Very cold conditions are expected to persist over the Western Cape and Namakwa District (Northern Cape) on Thursday. Picture: Armand Hough/African News Agency (ANA)
Very cold conditions are expected to persist over the Western Cape and Namakwa District (Northern Cape) on Thursday. Picture: Armand Hough/African News Agency (ANA)

Capetonians urged to brace for another wet, windy week

By Shakirah Thebus Time of article published Jul 19, 2021

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Cape Town - The Western Cape will have to brace itself for yet another wet and windy week ahead, the Cape Town Weather Office has cautioned.

A cold front is expected to pass over the province on Wednesday, bringing more rain over the western parts of the province on Wednesday morning and spreading eastwards over the interior by the evening.

“Heavy downpours that might lead to flooding are expected from the morning through to midday over the south-western parts. Significant low freezing levels are expected over the interior of the Western Cape and southern parts of the Northern Cape on Wednesday into Thursday morning due to the passage of a cold front,” said the office.

Snowfall is expected to cover the mountainous areas during the period.

“With the passage of the cold front, strong to gale-force west to south-westerly wind is expected along the south-western and the southern coast as well as south-westerly swells with wave heights of 6.0 to 8.0m between Saldanha Bay and Plettenberg Bay on Wednesday into Thursday.”

Very cold conditions are expected to persist over the Western Cape and Namakwa District (Northern Cape) on Thursday.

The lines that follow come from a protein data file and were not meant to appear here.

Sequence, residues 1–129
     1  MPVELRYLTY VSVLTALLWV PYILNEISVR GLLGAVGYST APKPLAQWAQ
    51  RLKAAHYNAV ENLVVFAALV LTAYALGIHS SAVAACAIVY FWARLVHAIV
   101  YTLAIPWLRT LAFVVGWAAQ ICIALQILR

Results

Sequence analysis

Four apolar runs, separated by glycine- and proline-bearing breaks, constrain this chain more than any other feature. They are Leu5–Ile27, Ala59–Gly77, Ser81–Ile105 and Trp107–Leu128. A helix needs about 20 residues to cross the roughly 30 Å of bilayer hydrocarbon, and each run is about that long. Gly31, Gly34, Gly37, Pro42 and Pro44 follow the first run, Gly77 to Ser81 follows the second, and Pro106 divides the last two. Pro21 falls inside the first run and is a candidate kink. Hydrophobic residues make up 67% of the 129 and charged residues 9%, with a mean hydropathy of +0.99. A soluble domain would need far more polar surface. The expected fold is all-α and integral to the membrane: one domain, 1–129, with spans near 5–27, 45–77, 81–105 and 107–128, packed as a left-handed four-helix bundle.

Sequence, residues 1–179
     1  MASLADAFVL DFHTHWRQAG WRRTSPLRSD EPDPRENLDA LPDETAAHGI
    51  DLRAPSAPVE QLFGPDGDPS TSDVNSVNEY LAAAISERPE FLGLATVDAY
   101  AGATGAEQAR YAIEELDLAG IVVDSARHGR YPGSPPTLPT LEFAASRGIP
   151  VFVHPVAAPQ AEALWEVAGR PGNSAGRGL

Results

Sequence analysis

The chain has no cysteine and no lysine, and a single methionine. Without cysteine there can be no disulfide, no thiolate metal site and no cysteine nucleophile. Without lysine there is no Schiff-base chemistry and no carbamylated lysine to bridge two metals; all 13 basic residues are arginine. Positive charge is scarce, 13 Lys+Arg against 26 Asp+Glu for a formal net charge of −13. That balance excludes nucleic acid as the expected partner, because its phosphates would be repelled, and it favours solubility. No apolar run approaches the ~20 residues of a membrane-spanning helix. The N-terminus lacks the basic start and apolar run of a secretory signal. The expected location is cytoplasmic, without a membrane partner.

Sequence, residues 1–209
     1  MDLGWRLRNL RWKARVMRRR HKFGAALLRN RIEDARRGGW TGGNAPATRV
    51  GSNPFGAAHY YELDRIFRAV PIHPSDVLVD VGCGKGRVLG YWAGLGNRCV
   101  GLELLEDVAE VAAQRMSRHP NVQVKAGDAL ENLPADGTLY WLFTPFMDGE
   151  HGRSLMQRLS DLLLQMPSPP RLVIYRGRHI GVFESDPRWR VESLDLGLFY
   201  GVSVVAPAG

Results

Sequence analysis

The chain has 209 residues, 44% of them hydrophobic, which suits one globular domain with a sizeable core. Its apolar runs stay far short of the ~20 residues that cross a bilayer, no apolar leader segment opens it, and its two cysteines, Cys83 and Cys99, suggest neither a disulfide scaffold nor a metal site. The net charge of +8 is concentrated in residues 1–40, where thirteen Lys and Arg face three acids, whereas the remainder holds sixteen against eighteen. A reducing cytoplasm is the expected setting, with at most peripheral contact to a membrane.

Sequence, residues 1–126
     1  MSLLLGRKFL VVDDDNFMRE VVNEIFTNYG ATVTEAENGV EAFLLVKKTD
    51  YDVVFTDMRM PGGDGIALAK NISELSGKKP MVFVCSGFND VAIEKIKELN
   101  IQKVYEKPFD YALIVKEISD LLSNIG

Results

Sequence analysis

A Yellow level 3 warning for snow leading to possible loss of livestock and crops is expected over the high-lying areas of the Western Cape and southern interior of Namakwa on Wednesday and Thursday.

A Yellow level 4 warning for rain leading to flooding of roads and of both formal and informal settlements is expected over the city, the Cape Winelands and Overberg Districts on Wednesday.

A series of cold fronts is expected to bring very cold conditions, with daytime temperatures below 10°C over the high-lying areas of the Western Cape and Namakwa District from Tuesday through to Thursday.

The public and small stock farmers have been advised to take the necessary precautions.

Meanwhile, the City’s Disaster Risk Management Centre (DRMC) spokesperson, Charlotte Powell, said there were still many informal settlements across the city that remain waterlogged since the cold front experienced earlier this month.

According to DRMC assessments, close to 950 structures were affected by localised flooding.

'“The City's services are on standby to deal with any impacts related to the predicted adverse weather conditions, like clearing flooded roadways, blocked drains and trees, and restoring electricity to weather-related power outages.”

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